Ginger Nuts of Horror
To paraphrase Tom Jone's "My My My Elisa" everything was just so normal for you until the day The Devil himself took you for a wife.Who robs her of almost everything she holds dear: her health, her wealth and what is left of her family, to leave her living a life like a trapped animal. However being the wife of a devil does have its benefits, as it allows her to straddle the worlds of the living and the dead, cqan she use this new found gift to find a way out of her predicament before her failing health finally consumes her?
The Night of Elisa is a powerful and evocative adult gothic fairytale with a strong emotional core to the story. Sousa has crafted a story that in some ways reminds me of Barker's Weaveworld. Where the mundane Victorian world, is beautifully complimented by wonderfully rich and mysterious world of Duskland, the land of the dead, where it is perpetually twilight. The rich writing perfectly captures the feel of your typical Victorian land, without falling into the trap that befalls so many historical novels, of feeling like a cliched world filled with cut-out characters who speak like a refugees from Bed knobs and Broomsticks. Counter point to this well crafted historical world is the imaginative, and fantastical world of Duskland. This unique world where everyone has their secrets is rich with both ideas and characters. From the reformed vampire and a pair of devilishly creepy Siamese twins this a a world filmed to the brim with great characters.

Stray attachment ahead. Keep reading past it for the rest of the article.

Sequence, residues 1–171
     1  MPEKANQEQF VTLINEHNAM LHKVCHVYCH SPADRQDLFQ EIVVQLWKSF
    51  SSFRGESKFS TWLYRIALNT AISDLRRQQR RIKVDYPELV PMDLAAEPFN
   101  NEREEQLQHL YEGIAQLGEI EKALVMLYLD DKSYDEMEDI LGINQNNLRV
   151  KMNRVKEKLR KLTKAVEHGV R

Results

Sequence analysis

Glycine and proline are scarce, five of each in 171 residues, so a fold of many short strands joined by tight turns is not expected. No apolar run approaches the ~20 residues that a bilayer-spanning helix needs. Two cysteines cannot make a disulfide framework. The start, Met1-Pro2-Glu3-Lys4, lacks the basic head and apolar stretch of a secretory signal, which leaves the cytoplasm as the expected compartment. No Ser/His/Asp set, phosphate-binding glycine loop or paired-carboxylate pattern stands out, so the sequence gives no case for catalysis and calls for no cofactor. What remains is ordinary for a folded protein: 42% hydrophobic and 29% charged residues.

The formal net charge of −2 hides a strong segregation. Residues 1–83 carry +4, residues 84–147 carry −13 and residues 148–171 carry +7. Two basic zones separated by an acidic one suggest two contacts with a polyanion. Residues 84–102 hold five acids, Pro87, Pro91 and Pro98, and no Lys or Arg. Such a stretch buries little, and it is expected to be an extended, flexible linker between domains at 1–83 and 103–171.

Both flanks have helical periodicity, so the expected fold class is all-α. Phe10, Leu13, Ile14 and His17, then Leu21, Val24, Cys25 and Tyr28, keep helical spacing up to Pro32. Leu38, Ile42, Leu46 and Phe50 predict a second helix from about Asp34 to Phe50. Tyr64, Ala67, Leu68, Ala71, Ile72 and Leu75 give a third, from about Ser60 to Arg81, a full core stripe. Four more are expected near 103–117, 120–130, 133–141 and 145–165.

Strong writing, with a slightly cinematic style ensures the reader is enthralled as the heartfelt story unfolds from a slow start to a gut wrenching explosive ending. The Night of Elisa is a deeply satisfying read a clever love story wrapped up in an extraordinary world ripe for a Tim Burton film treatment.